The Agony of Social Distancing for Adolescents

The world seems to be falling apart just now thanks to coronavirus. And it probably doesn’t help that your kids seem to be falling apart, too. They just want to be with their friends. I know. I have one son in high-school and two in college. One of those college students, alas, was due to graduate in June. When I told my boys that we would wait out the COVID-19 pandemic at our farm in rural New York State rather than our home in Brooklyn, and that we were leaving immediately, I got anguished howls from the two who were home: “But our friends!” It took several more days to get that college senior to leave his off-campus apartment and join us in seclusion.

Teens practice social distance during COVID-19.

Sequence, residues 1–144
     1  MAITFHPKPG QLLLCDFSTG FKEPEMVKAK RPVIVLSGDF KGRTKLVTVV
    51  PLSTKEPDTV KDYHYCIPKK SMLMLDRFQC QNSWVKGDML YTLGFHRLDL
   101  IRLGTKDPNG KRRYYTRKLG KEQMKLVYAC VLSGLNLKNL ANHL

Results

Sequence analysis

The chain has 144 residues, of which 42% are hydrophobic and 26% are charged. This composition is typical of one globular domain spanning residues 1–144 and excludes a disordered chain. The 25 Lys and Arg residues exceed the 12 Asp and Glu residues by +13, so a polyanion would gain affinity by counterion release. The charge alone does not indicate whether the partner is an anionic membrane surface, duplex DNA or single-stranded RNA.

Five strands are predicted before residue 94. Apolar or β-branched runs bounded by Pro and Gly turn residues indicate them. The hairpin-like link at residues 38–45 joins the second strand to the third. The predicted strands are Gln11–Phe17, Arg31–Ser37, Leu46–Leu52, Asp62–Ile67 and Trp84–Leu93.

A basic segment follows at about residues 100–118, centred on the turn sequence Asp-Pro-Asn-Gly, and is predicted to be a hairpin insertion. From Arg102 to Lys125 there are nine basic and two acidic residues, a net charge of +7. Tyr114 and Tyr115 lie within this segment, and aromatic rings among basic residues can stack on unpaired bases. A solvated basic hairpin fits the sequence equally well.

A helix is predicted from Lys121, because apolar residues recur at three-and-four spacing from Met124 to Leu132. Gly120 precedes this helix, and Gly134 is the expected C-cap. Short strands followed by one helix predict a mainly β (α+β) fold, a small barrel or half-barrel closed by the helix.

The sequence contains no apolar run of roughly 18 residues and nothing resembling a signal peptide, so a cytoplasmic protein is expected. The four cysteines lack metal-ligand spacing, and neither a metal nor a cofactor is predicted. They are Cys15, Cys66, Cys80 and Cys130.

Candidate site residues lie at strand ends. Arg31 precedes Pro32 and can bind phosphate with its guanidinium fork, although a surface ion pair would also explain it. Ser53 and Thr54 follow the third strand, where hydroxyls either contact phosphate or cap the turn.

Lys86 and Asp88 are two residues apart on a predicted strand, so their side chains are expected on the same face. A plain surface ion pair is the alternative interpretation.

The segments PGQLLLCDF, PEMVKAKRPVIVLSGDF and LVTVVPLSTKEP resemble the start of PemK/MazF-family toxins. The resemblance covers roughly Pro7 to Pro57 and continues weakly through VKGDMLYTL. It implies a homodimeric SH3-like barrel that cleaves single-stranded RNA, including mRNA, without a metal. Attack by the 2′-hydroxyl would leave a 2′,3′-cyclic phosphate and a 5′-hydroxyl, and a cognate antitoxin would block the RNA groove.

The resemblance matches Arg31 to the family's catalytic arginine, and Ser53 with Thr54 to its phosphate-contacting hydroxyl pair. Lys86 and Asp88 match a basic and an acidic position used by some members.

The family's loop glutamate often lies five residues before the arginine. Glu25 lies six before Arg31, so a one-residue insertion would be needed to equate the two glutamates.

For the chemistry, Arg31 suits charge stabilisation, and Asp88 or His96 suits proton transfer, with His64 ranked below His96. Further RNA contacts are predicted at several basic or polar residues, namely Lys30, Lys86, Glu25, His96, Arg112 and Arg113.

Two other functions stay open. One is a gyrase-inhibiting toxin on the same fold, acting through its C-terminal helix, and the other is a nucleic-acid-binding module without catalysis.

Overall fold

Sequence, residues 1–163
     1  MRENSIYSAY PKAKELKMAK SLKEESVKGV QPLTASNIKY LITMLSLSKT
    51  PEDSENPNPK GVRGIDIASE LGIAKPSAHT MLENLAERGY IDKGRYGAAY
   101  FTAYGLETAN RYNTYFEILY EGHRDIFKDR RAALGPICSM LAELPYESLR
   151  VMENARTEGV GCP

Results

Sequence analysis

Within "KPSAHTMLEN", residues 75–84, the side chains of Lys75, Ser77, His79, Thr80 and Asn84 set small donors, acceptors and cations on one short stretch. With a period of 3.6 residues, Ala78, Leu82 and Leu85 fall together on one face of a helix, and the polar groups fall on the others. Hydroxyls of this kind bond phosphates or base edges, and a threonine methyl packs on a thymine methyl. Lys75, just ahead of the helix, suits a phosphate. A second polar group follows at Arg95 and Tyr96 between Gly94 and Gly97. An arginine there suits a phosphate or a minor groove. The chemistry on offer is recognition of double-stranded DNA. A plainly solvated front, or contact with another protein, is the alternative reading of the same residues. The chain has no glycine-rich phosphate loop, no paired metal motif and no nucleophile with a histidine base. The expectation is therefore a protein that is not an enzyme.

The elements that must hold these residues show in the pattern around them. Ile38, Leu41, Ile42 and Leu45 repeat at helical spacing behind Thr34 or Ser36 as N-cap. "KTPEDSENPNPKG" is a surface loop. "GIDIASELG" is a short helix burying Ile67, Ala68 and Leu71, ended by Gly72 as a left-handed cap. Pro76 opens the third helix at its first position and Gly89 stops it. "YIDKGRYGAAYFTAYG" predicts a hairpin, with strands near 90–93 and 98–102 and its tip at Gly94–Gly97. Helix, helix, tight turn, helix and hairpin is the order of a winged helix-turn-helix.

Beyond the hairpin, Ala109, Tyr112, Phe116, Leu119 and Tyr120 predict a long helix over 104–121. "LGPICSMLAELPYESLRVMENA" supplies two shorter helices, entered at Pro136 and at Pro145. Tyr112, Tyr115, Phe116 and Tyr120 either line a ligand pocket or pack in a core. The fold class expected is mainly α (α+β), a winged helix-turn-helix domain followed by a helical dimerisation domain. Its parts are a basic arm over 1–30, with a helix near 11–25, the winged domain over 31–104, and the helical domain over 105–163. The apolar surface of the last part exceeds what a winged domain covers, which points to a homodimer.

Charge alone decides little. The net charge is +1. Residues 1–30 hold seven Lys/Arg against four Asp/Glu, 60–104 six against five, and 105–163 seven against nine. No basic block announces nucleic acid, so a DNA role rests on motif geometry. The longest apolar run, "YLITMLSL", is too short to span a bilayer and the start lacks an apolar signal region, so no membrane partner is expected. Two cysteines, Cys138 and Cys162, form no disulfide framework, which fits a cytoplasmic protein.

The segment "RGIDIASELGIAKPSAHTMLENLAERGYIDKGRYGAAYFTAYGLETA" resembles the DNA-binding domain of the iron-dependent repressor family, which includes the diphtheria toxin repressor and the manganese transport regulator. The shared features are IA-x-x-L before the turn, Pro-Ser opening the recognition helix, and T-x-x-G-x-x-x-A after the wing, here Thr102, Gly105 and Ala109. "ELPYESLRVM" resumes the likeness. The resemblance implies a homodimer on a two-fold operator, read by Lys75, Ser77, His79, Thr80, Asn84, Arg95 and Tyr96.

All of them had been focused on the fact that the sudden, dramatic disruption of school and travel schedules would result in an unexpected, but potentially glorious, convergence of friends. That, of course, was not the point at all. It was the opposite of the point. 

But I understood. I’ve spent the last few years reporting on the biology and evolution of friendship. What that new science tells us about adolescents explains the intensity of their wish to be with friends right now, even if it doesn’t make enforced separation any easier.

The power of friendship for teens

Friendship has real power for kids.